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Minority Members of a Board Cannot Control Litigation

A recent Federal District Court decision highlights the distinction between the supermajority vote of a Special Permit Granting Authority that is needed to issue a Special Permit and the majority vote of the Board of Selectmen that is needed to defend and settle litigation over the denial of that permit. The Planning Board of Hamilton considered whether to grant a Special Permit to an applicant for a cell tower. The Board voted 4-3 to approve the Special Permit with conditions, but M.G.L.c.40A, §9 requires approval by a 5-vote supermajority, so the application was denied.

The applicant appealed under the federal Telecommunications Act and M.G.L.c.40A, §17 to Federal District Court, naming, as defendants, the Town, the Planning Board, and the Planning Board members in their official capacities only. A majority of the Planning Board, the same four who voted to grant the permit, refused to authorize a defense of that action. The Board of Selectmen therefore filed an answer and appeared in the Town’s defense. The three members who voted against issuing the Special Permit hired private counsel, who filed an answer on their behalf. The Selectmen then moved to strike the answer on behalf of the three members and, with the applicant, jointly filed an agreement for judgment that incorporated the terms favored by the Planning Board majority.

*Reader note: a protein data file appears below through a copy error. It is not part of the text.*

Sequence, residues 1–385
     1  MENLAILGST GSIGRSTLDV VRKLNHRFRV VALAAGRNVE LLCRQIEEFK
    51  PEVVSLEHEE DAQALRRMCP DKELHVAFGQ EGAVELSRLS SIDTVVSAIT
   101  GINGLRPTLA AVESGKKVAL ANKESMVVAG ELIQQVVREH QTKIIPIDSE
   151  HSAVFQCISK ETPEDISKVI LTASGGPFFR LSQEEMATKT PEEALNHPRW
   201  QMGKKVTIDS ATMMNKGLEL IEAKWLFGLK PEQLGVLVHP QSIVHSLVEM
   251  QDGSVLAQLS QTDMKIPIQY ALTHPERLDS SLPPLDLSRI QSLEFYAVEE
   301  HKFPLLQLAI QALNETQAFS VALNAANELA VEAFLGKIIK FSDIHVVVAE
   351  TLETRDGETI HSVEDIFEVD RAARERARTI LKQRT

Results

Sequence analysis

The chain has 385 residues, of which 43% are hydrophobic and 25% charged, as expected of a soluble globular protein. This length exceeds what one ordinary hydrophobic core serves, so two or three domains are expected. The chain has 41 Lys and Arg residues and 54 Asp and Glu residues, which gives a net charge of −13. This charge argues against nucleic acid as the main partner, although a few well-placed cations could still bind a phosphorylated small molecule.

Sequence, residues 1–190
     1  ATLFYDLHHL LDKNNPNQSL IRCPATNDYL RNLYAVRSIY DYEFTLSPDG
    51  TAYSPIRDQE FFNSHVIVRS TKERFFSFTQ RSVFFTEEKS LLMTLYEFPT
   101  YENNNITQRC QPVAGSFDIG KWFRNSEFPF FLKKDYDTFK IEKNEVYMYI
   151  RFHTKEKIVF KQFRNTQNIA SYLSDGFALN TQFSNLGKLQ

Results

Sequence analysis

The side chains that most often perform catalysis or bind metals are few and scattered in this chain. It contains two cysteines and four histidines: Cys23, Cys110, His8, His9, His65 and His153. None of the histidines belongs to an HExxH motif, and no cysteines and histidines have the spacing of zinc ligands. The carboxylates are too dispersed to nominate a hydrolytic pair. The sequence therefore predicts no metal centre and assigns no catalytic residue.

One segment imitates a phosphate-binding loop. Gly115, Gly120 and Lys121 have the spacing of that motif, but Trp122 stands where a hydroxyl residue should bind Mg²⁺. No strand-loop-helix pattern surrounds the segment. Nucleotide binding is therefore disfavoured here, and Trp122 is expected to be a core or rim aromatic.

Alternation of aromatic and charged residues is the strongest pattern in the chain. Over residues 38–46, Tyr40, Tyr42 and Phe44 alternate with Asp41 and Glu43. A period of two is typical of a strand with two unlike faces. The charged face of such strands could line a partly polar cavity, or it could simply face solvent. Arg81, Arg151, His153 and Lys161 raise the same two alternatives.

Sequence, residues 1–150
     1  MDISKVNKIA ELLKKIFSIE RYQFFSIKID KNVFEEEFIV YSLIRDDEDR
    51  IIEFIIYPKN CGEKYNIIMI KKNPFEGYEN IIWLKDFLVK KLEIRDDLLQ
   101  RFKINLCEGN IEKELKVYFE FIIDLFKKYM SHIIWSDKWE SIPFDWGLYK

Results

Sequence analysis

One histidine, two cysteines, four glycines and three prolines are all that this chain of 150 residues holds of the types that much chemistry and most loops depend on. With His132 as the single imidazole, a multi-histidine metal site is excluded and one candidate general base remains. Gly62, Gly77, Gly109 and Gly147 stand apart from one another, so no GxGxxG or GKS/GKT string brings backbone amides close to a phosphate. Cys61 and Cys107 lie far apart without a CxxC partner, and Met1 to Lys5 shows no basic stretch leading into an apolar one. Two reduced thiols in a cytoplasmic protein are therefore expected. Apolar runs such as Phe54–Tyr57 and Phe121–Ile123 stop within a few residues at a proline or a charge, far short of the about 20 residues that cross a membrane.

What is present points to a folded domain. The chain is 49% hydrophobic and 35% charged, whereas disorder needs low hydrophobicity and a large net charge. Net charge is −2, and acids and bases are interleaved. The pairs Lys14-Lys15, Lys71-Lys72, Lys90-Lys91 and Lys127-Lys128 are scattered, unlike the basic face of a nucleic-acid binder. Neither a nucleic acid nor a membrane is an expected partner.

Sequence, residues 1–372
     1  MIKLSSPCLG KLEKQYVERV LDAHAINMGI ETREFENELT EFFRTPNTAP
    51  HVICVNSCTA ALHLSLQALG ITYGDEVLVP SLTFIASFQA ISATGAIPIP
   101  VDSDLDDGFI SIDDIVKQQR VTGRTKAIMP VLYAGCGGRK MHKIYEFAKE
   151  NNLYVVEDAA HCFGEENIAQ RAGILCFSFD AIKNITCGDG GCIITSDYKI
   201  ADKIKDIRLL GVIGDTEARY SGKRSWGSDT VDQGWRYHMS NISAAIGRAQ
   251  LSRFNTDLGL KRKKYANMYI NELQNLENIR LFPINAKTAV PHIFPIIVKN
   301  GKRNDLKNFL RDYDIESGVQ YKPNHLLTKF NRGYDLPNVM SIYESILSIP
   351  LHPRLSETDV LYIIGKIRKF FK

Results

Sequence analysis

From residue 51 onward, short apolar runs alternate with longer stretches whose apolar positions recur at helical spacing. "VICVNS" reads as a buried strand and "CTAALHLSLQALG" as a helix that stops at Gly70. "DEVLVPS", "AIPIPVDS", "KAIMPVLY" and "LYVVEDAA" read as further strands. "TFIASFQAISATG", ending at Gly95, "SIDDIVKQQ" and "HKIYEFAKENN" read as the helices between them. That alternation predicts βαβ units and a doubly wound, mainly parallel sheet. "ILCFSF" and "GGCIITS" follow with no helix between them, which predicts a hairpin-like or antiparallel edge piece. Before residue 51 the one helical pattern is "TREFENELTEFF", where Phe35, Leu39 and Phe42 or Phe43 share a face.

The Court held that the minority members of the Board lacked standing to participate separately in the litigation and to challenge the agreement for judgment. He cited to the Town Bylaws that authorized the Board of Selectmen to prosecute, defend, and compromise all litigation to which the Town is a party, defended by Town Counsel. The bylaws are consistent with state law, the Court noted. No statute authorizes the Planning Board members to hire separate counsel or to seek to represent the Board themselves. The Court therefore held that the minority Planning Board members’ answer be struck. The decision is Varsity Wireless Investors, LLC v. The Town of Hamilton, No. 17-11826-MLW (D. Mass. March 31, 2019).


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